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Thread: dumping vynil to the harddrive...

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    dumping vynil to the harddrive...

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    hey hey....hope someone can help me. I'm trying to dump some of my records onto my hard drive to produce, but my record player makes this awful buzzing rumble that sounds grotesque. I have sound forge 6 with noise reduction and waves gold bundle, i've tried messing around with a bunch of stuff but can't seem to take out the hum of the record player's motor (which i'm pretty sure it is) without totally altering the original sound. It is not the computer either, i have played my records straight through speakers and it still has that buzz(in case you're wondering, it's not the usual pops and clicks expected on records that we like... it's just a steady hum...)i also use an audiophile2496 if anyone's interested. Does anyone think a different turntable might help?
    I appreciate any advice
    peace

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    You have a technical problem with the turntable. Are you using the correct type of preamp (riaa phono preamp)?
    Marcus Wilson
    AA MAsters
    Wellington

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    It's eitehr a ground problem (normal with 50/60hz hum) or mechanical noise from your motor. Firstly make sure evrything is grounded problem. If that doesn't help, borrow a turntable from a friend.

    And yes, you need to use RIAA preamps, which typically means you need to run it through the phono input on your receiver, and send the monitor outs to your PC. But not using RIAA preamps would not cause a rumbling sound, in fact, it would be quite the opposite, and cause a sound that has very little low end.
    Random Pavarotti Disease Victim.

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    alright thanks for the help first off...no i'm not using a pre amp for the record player, i'm playing it straight through, and pardon this probably silly question...but what's a grounded problem...???
    i'm gonna go borrow my uncle's turntable to see if it makes a difference...
    peace

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    "Straight through" is a very fuzzy word. You claim to have playedyour records 'straight through' your speakers too, and trust me, if it really were "straight through" those speakers wouldn't make a sound.

    You have to understand a couple of things about vinyl players: The needle is basically a very small and weak microphone, that instead of picking up the vibrations of the air, picks up the wobbles of the vinyl groove and generates electricity from that.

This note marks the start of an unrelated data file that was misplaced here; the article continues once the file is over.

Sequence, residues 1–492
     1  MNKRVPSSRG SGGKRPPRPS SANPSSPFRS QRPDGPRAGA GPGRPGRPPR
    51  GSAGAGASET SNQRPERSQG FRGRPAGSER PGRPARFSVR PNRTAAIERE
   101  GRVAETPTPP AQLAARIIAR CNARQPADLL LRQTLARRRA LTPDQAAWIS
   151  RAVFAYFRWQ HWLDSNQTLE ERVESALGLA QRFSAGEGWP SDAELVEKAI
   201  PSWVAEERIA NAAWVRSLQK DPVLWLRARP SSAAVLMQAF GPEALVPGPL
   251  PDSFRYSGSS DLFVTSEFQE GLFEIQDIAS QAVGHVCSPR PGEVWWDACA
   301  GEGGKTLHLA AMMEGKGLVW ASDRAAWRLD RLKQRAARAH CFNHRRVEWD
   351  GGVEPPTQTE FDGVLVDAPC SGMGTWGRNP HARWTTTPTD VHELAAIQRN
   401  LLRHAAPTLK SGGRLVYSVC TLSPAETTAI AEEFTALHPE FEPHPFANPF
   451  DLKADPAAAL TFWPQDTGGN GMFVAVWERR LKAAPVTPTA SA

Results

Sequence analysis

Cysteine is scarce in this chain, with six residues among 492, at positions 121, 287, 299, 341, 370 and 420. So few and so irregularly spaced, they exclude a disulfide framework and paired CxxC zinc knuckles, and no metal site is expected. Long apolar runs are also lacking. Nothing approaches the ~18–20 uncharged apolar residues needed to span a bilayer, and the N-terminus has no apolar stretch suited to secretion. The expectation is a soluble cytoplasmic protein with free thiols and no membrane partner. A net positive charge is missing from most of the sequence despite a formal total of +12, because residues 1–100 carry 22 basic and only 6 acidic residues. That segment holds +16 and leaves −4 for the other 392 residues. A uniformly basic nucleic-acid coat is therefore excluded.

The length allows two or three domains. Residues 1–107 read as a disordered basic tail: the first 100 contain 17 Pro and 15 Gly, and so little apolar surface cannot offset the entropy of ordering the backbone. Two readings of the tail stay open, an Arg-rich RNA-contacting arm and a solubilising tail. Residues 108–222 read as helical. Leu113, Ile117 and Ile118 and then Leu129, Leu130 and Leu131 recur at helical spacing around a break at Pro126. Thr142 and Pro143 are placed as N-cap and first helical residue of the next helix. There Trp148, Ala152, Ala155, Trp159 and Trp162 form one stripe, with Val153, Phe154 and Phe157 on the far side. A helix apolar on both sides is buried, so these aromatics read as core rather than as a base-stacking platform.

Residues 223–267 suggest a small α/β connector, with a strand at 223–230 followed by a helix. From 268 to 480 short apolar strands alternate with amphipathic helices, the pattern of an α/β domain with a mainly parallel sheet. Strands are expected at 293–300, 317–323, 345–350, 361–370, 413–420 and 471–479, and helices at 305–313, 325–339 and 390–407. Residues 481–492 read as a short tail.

To make a sound, you need to covert that electricity into vibrations of air, and thats what the speakers do. But when you say that you play your vinyl disks "straight through" your speakers, then this is in fact not straight through at all. If you too the outputs from that needle pickup and put it into a speaker, you would hear nothing. To hear something you must amplify the weak electrical signal so it's strong enough to drive a speaker.

    When it comes to vinyl, this is done in three steps.

    Step one is to amplify the signal to 'line' levels, which is simply the standard electrical level used between different equiopments such as tape players, and radios and also the level mostly used inside of the equipment.

    Step two is to do a RIAA decode on the signal. This is because the signal on vinyl is RIAA encoded, which basically means that they have lowered the bass, so that the grooves can be made narrower. The RIAA decoder amplifies the low frequencies more than the high, so that the signal sounds OK again.

    Usually step 1 and step 2 is done simoultaneously in a RIAA preamp.

    Step 3 is the power amp, that takes a line level signal and amplifies it so that it can drive a speaker. This is also where you control the volume, by controlling the amount of amplification.


    I guess you have an integrated system where the vinylplayer/radio/tape/amp are all in one box, and using the line out and feeding it into the line in of the computer?

    In that case, you ARE using a RIAA preamp.



    A ground problem is when two different peices of electricity doesn't have the same ground potential. If you don't understand what that means, you need to study some physics.

    It's most easily fixed by making sure that all equipment is properly grounded. Many players, even the integrated ones, have ground screws, where you are supposed to connect the grounding. If yours do, put a cable between that one and a metal part of the chassis on your computer.
    Random Pavarotti Disease Victim.

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    well...now i feel really stupid...hehe...thanks for the physics lesson, i've had a few at school, i guess they just haven't sunk in yet...but i got the grounding figured out now, and the music is beautiful...much appreciation for the help...
    peace

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    Great!
    Random Pavarotti Disease Victim.

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